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## Why do we ever need to learn?

I’m talking about math related subjects. Why do we need to learn to count? Why is not obvious to count up to 5, for example? Why is not obvious to add 2 with 3? Why do we need to learn to evaluate a boolean expression? Which is the part not obvious from the definition? Why do we need to exercise? If, in lambda calculus, the beta reduction is defined as $(\lambda x. A) B \rightarrow A[x:=B]$ then why is it not instantaneously obvious that if $Y = (\lambda f . (\lambda x.((fx)x))(\lambda x. ((fx)x)))$ then for any term $A$ we can reduce $YA$ to $A(YA)$?

If you don’t like examples from mathematics learning, then I am puzzled, because mathematician = learner. It’s an ancient greek branch of a pythagorean sect, the one of people dedicated to learn.

Learning is a process which needs time to unfold. What happens in our brains during this time? It must be that we rely too much, without acknowledging this in mathematical approaches, on a collection of more simple, not goal oriented, brain activities, like for example pattern recognition. Wait, what IS a pattern? And what means “recognition”?

Let’s take it another way. I shall make the dumbest hypothesis. When we learn a new (for us) mathematical definition, we need to transform it in “brain language”. We need to “compile” it into something which happens physically in the brain. (Btw, I am completely skeptical that whatever happens in the brain can be described by a language. Main argument: vision, which occupies large parts of brain activities of all creatures which possess one.) So, the mathematical definition (say, of the truth value of a boolean expression) has to be translated into something else, comprising a procedure to parse the expression, passing by all sort of patterns recognition and all kinds of high level human brain activity. Or even better, we write a program for solving this problem. The computer “learns”, i.e. compiles the program and then it works as nice as a mechanical clock. For humans, not so much, because we may forget how to do it, then recall some ideas “behind the definition”, we say, and reconstruct the procedure from scratches, like memories about the day we learned it first time, past mistakes and common sense reasoning.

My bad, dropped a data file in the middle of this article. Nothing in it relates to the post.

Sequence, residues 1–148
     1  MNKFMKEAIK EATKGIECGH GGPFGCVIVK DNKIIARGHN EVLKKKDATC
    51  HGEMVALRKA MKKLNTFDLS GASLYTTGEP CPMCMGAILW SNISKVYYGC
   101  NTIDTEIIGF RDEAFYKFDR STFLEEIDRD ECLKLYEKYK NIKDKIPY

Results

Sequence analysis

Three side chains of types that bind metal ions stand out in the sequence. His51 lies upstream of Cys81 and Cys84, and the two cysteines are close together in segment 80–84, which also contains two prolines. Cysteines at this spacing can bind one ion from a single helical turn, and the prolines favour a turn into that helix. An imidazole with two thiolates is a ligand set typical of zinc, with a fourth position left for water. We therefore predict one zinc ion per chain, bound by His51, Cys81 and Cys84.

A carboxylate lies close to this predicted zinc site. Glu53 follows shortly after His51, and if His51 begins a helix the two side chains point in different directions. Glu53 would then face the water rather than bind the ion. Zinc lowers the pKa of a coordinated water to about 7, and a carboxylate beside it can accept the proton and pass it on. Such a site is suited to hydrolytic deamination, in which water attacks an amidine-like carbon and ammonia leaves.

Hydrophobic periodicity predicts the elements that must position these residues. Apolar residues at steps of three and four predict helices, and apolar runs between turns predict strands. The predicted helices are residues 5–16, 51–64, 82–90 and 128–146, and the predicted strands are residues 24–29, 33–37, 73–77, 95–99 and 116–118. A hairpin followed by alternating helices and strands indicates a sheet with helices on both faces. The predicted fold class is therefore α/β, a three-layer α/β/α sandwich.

Brains, let’s take this as part of the dumbest hypothesis, are just networks of neurons, which send one to another some signals and which modify themselves and their connectivity according to some simple rule, based on mechanical clock (physics) and chemistry rules, satisfied by any part of the physical universe, not only by the brain. So, whatever happens when we learn a mathematical concept, we transform it into some very simple thing in the brain. Forget about categories, truth values, group operations, definitions and theorems. No, there must be something which mimics a pattern of behaviours associated with the implicit expectations of people writing definitions, theorems, problems and exercises. Should we write a program for any of the items mentioned in the questions from the first paragraph, then we would see that we have to take care for a lot of things not mentioned in definitions, like well managing the variable names, again some mechanized form of pattern recognition, along with more or less precise knowledge about the programming language we use and it’s idiosyncrasies.

More we try to approach the realm of obvious, more abstract it becomes. And in our brains, learning to ride a bike or to evaluate boolean expressions is equally concrete, it’s physical.

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1. September 23, 2013 at 1:30 pm | #1
• September 23, 2013 at 2:18 pm | #2

I am not trying to argue against learning, nor dismiss conditioning as learning. Instead, I want to stress the fact that learning math from definitions is time (and probably energy) consumed for translating back from abstract concepts into a real, physical, concrete phenomenon in the brain. It follows that some concrete, physical phenomena are, in a sense, a higher class level than abstract mathematical constructs. UPDATES: 1. I shall give examples, 2. Gromov has, I think, a close viewpoint when he writes about playing and “ergo” stuff, non goal-oriented part of brain functioning, in his ergobrain article.

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